Table of Contents

Reforming Intergovernmental Fiscal Relations and the Rebuilding of Indonesia

Reforming Intergovernmental Fiscal Relations and the Rebuilding of Indonesia

The ‘Big Bang’ Program and its Economic Consequences

Studies in Fiscal Federalism and State–local Finance series

Edited by James Alm, Jorge Martinez-Vazquez and Sri Mulyani Indrawati

Indonesia is currently facing some severe challenges, both in political affairs and in economic management. One of these challenges is the recently enacted decentralization program, now well underway, which promises to have some wide-ranging consequences. This edited volume presents original papers, written by a select group of widely recognized and distinguished scholars, that take a hard, objective look at the many effects of decentralization on economic and political issues in Indonesia.

Chapter 3: Political Reforms, Decentralization and Democratic Consolidation in Indonesia

Dwight Y. King

Subjects: asian studies, asian development, asian economics, development studies, asian development, economics and finance, asian economics, public finance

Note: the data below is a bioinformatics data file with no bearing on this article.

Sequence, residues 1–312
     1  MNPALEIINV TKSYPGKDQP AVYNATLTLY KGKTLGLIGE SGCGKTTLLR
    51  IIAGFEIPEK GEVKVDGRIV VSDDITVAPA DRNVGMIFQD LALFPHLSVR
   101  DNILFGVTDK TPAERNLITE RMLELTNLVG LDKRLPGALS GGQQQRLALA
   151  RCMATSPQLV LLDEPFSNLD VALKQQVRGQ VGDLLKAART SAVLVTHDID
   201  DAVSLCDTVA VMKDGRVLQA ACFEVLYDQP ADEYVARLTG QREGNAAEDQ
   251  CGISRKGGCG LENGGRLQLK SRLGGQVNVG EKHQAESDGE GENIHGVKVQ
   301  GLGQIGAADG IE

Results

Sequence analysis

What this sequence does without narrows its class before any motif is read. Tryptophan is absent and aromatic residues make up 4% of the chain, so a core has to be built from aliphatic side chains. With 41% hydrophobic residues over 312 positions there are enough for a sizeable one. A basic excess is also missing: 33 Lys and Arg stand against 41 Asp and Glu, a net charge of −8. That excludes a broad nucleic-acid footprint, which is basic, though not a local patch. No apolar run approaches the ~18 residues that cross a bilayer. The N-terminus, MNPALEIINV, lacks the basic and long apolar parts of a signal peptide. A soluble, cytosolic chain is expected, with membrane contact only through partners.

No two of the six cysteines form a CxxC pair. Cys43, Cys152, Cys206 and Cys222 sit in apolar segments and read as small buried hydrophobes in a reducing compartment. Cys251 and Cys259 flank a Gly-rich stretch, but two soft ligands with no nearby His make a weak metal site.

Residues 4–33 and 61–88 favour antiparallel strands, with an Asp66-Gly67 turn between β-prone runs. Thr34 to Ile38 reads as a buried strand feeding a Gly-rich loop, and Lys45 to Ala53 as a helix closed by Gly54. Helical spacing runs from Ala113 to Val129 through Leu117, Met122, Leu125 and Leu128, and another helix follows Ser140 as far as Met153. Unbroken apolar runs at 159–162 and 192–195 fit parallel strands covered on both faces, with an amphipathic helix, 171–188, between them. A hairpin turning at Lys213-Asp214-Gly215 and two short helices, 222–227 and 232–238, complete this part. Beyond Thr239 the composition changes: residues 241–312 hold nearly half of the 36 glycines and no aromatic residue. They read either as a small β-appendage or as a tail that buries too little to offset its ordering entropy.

1 Dwight Y. King INTRODUCTION Decentralization of power was one of the main demands of the reform movement that took shape in 1998. After Suharto resigned many regions began voicing their discontent. The interim Habibie administration responded to these developments with a policy of wide-ranging regional autonomy with special additional arrangements for the provinces of Aceh, Irian Jaya, the capital region of Jakarta and East Timor. Accompanying and reinforcing these decentralizing efforts were others intended to democratize the political system. In this chapter I begin by briefly summarizing the effects on decentralization of new political laws passed by the House of Representatives (Dewan Perwakilan Rakyat or DPR) and promulgated in 1999. I then examine aspects of the second wave of reform consisting of constitutional amendments passed by the People’s Consultative Assembly (Majelis Perwakilan Rakyat or MPR) in 2000–02 and of proposals for amendment of the Law on Regional Government (Undang-Undang Pemerintahan Daerah or UU 22/1999). Next I identify factors that help explain interdistrict variation, or why political reform, decentralization and good governance have progressed further in some districts than in others. I conclude with speculations on the likely future evolution of decentralization reforms in Indonesia. HABIBIE’S INITIATIVES Several aspects of the new political laws proposed by interim President Habibie had implications for decentralization.2 The Law on Political Parties (Undang-Undang Partai Politik or UU 2/1999) stipulated that, in order to contest the election, a party had to have an organization (executive committee) in at least nine provinces and in...

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